Nobody will ever put up a neon sign or a billboard announcing that the U.S. has taken another step toward decline in its global position. Neither is American decline inevitable, as the so-called “declinists” habitually assert. It is not. Decline is a choice.
The problem before us is that we are making this choice.
The American government is now closed as if it were a dry cleaner on Sunday. We stare at the prospect of the first default on U.S. sovereign debt in history. For the moment, the money is betting that Washington will get through these impasses, reopening the government and raising the ceiling on federal debt before the October 17 deadline. But it would be naïve to assume that America has so far done no damage to its global standing. It has. It is measurable.
The point of maximum vulnerability lies across the Pacific. Asians are the largest holders of U.S. Treasury debt by a long way. Nobody is making rash moves at this early moment—Asian central bankers rarely do—but the financial markets are kidding themselves in assuming the Chinese, the Japanese, the Koreans, and Taiwan are not looking over the ocean with arched eyebrows.
On the diplomatic side of the ledger, China is in open competition with the U.S. for influence across the East Asian region. I have never rated this rivalry as dangerous, though many analysts in Washington do. But plain enough President Obama has just dropped his guard at one of the key moments in his administration’s policies across the Pacific.
Let’s take the second of these setbacks first. It is more immediate.
Just before the weekend Obama hit the phones in the Oval Office to apologize to leaders across Southeast Asia as he canceled visits to Indonesia and Malaysia and star-turn appearances at two—count ’em—gatherings of Pacific Rim heads of state, one the leading economic forum, known as Apec, and the other the annual East Asia Summit.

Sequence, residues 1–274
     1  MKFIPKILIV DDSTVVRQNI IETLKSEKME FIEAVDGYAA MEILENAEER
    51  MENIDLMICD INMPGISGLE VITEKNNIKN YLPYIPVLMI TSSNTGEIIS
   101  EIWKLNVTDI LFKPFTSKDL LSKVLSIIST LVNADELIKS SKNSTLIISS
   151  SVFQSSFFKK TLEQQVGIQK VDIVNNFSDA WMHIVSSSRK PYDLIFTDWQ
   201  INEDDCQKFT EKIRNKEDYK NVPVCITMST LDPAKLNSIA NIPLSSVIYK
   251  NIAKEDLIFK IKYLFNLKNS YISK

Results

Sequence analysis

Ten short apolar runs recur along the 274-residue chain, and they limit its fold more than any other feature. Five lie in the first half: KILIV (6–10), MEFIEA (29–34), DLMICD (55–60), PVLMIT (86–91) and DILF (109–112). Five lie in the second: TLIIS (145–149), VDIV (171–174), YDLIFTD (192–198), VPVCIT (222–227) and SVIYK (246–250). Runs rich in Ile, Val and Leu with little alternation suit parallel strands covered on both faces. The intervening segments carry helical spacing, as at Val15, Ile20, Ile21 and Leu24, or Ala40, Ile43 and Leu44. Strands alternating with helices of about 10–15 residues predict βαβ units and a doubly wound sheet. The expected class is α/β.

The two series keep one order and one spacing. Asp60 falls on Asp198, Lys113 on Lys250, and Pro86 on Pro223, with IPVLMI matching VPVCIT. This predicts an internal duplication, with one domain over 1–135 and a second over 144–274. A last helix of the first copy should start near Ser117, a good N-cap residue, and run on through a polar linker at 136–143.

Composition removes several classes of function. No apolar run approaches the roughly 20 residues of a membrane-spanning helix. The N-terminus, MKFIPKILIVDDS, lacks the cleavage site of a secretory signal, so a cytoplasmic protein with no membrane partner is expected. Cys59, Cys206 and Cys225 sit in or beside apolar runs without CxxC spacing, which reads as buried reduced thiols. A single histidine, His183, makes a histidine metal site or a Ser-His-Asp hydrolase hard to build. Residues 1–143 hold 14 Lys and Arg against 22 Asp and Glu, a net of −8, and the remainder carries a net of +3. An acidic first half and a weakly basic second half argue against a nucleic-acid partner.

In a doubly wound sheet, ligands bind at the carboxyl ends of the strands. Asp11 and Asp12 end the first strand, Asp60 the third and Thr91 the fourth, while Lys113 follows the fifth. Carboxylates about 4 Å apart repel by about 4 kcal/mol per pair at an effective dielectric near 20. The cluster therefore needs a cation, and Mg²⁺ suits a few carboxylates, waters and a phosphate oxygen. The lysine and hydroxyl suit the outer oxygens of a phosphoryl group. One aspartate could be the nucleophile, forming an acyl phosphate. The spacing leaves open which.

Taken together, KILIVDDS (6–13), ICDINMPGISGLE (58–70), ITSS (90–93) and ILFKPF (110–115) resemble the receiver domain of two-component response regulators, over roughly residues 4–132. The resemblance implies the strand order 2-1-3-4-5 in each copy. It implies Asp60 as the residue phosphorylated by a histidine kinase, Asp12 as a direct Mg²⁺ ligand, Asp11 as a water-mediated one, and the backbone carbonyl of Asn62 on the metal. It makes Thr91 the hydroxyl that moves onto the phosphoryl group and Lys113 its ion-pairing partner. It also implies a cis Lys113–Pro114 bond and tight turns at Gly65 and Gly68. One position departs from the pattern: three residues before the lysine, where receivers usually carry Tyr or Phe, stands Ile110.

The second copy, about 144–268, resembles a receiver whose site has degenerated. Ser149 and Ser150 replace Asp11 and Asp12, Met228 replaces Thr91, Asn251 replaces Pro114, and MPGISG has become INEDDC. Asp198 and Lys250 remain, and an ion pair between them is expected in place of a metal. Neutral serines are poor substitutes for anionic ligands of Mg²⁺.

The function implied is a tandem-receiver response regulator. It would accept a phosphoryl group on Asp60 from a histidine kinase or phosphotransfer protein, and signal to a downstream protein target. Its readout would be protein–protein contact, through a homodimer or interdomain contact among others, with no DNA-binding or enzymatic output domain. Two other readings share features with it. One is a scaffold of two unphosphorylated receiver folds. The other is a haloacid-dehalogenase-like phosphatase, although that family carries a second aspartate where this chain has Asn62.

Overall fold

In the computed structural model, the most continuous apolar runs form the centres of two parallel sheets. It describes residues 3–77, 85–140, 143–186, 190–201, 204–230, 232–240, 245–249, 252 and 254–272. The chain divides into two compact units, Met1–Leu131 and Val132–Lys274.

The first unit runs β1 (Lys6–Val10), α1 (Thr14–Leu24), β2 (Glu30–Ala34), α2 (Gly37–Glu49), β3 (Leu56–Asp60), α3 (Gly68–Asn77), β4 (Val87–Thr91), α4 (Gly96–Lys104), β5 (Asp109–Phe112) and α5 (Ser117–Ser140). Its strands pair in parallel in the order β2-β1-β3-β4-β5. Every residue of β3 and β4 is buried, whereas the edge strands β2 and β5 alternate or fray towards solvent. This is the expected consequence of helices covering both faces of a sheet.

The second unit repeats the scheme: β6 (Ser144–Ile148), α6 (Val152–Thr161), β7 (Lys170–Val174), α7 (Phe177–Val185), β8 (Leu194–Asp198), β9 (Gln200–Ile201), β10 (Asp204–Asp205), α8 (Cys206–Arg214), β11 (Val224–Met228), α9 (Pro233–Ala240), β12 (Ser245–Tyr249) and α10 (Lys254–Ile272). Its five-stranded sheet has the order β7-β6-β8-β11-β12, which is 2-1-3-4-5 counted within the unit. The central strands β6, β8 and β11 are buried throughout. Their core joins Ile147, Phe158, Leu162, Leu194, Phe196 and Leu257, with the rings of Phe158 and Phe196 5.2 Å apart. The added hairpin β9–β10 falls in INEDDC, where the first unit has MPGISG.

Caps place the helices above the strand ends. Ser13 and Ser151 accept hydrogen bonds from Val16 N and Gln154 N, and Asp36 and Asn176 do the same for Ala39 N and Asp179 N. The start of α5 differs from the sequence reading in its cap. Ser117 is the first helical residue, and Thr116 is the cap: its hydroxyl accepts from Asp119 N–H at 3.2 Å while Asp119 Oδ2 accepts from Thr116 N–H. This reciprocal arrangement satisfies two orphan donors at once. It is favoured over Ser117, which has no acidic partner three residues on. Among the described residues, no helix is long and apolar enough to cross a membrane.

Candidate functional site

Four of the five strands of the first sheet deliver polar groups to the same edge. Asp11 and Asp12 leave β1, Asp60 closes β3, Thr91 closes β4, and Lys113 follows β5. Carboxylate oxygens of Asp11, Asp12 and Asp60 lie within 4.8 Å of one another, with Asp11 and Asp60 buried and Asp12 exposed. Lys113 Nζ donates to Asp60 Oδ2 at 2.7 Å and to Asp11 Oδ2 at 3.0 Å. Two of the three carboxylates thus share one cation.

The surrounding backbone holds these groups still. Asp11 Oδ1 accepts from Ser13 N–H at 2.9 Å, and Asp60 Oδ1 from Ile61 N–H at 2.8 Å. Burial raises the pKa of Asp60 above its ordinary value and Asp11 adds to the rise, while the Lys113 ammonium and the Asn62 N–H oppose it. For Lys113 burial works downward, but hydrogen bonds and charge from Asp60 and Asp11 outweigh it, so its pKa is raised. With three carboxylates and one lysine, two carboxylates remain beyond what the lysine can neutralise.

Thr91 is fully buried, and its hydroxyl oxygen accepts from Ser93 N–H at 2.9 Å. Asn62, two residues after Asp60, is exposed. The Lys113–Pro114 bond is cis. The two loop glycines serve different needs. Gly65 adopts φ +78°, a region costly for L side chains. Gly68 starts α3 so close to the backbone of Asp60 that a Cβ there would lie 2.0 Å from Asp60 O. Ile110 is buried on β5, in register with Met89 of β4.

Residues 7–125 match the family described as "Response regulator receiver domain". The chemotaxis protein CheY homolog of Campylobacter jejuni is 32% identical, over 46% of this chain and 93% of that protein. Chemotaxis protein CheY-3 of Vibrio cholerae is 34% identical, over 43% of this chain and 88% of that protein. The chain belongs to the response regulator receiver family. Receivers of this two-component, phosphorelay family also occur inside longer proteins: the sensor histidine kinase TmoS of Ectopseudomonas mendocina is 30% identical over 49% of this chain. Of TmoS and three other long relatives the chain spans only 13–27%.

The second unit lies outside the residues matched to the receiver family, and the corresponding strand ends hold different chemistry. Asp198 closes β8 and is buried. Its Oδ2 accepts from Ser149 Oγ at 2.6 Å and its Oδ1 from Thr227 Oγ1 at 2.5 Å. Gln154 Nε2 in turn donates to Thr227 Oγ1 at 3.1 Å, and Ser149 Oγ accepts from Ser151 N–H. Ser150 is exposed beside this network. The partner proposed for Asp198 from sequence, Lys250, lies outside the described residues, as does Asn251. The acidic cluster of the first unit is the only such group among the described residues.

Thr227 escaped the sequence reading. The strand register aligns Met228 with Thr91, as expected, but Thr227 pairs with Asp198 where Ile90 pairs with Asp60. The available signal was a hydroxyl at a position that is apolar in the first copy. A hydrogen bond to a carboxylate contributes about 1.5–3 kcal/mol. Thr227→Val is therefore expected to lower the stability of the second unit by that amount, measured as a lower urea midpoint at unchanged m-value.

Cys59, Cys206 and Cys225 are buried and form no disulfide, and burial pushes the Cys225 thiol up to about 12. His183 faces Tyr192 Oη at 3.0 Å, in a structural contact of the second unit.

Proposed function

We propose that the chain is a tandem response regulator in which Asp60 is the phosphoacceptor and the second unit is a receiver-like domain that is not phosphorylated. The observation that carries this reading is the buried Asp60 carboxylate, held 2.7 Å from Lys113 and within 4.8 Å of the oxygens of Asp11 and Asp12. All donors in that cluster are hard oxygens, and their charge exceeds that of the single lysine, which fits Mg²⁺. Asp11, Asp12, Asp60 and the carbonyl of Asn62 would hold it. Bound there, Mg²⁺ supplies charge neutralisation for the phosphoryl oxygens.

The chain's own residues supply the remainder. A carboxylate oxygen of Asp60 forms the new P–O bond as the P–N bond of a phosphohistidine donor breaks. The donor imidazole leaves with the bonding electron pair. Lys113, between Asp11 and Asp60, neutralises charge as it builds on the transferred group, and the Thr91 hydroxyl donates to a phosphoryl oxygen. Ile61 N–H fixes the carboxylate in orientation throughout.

It was the government shutdown, of course. And it was the right decision. But Xi Jinping, China’s new president, stood all the more prominently at the podiums the American leader missed. The Japanese, the Koreans, the Singaporeans, the Filipinos—pretty much the whole East Asian gang—wondered where the Yanks went.
“How can the United States be a reliable partner when President Obama can’t get his own house in order?” Richard Heydarian, a legislative foreign policy adviser in Manila, wondered to a New York Times correspondent.
Few people on our side of the lake took any notice of how the mess in Washington might appear to others. It sneaks up on us when our self-indulgence and self-absorption and presumption of eternal dominance blind us to the consequences of what we do (or fail to do in this case).
The official advertisements produced in Washington suggested that Defense Secretary Chuck Hagel and Secretary of State John Kerry filled a good part of the void left by Obama’s absence. Yes, they went to Seoul and Tokyo and got some work done on defense questions. But this is stale stuff. From the Asian perspective, Americans are far too preoccupied with security arrangements, to the exclusion of imaginative, across-the-board thinking, while China fills the rice cookers.
The mainland is now the No. 1 trading partner of every nation in the region except the Philippines—an astonishing reversal to anyone who knows the history of America’s economic power in the Pacific. Last March, China announced it would fund a $50 billion banking facility to finance infrastructure projects in Asia—an institution that, it is now clear, will eventually rival the U.S.–dominated Asian Development Bank.